The competitive forces of the market determine not only the appropriate prices and selection of products offered for sale, but also the appropriate sizes and scopes of private firms. Firms that grow too large for management to monitor effectively are not as profitable as smaller firms that are more easily monitored. Overly large firms, therefore, tend to shrink or to go bankrupt.
Unfortunately, no similar competitive forces operate in the public sector to keep the size and scope of government within bounds.
Donald J. Boudreaux is a professor of economics at George Mason University in Fairfax, Va. His column appears twice monthly.
Show commenting policy
TribLive commenting policy
You are solely responsible for your comments and by using TribLive.com you agree to our Terms of Service.
We moderate comments. Our goal is to provide substantive commentary for a general readership. By screening submissions, we provide a space where readers can share intelligent and informed commentary that enhances the quality of our news and information.
While most comments will be posted if they are on-topic and not abusive, moderating decisions are subjective. We will make them as carefully and consistently as we can. Because of the volume of reader comments, we cannot review individual moderation decisions with readers.
We value thoughtful comments representing a range of views that make their point quickly and politely. We make an effort to protect discussions from repeated comments either by the same reader or different readers.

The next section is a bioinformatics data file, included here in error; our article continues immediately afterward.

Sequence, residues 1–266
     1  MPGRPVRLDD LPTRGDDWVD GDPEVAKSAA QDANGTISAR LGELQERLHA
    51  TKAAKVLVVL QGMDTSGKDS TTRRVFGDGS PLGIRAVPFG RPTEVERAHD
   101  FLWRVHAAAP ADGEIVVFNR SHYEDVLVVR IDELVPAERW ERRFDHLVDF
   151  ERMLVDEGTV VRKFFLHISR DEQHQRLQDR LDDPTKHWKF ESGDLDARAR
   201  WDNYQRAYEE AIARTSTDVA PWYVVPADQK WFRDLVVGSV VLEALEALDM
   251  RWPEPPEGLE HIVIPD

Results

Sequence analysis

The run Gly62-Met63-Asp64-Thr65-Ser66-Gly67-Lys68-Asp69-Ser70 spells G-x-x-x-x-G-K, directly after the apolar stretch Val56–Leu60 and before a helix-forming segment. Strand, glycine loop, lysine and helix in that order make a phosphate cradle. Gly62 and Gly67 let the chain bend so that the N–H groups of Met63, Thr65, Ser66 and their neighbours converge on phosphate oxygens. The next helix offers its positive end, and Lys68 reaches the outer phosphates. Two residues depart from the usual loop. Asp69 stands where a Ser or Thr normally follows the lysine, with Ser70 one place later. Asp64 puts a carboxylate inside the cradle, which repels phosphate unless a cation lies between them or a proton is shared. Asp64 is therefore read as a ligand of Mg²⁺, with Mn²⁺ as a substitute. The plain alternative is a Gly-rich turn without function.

We follow the same standards for taste as the daily newspaper. A few things we won't tolerate: personal attacks, obscenity, vulgarity, profanity (including expletives and letters followed by dashes), commercial promotion, impersonations, incoherence, proselytizing and SHOUTING. Don't include URLs to Web sites.
We do not edit comments. They are either approved or deleted. We reserve the right to edit a comment that is quoted or excerpted in an article. In this case, we may fix spelling and punctuation.
We welcome strong opinions and criticism of our work, but we don't want comments to become bogged down with discussions of our policies and we will moderate accordingly.
We appreciate it when readers and people quoted in articles or blog posts point out errors of fact or emphasis and will investigate all assertions. But these suggestions should be sent via e-mail. To avoid distracting other readers, we won't publish comments that suggest a correction. Instead, corrections will be made in a blog post or in an article.
- Man found dead in Lower Burrell
- Plum students protest orders to keep mum about sex cases
- Injured Penguins optimistic about returning next season
- Crosby, Malkin want to remain in Pittsburgh
- Lawyers present procedural arguments for AG Kane’s contempt hearing
- Pirates notebook: Wainwright injury doesn’t sway Hurdle on DH
- Coach Johnston trying to figure out why Penguins ‘fell off a cliff’
- Washington’s Shelton grows into big role, looks forward to draft
- Mylan rejects Teva’s $40 billion takeover bid
- Behind starter Liriano, Pirates complete sweep of Diamondbacks
- Reports grim for Pennsylvania’s state-run veterans homes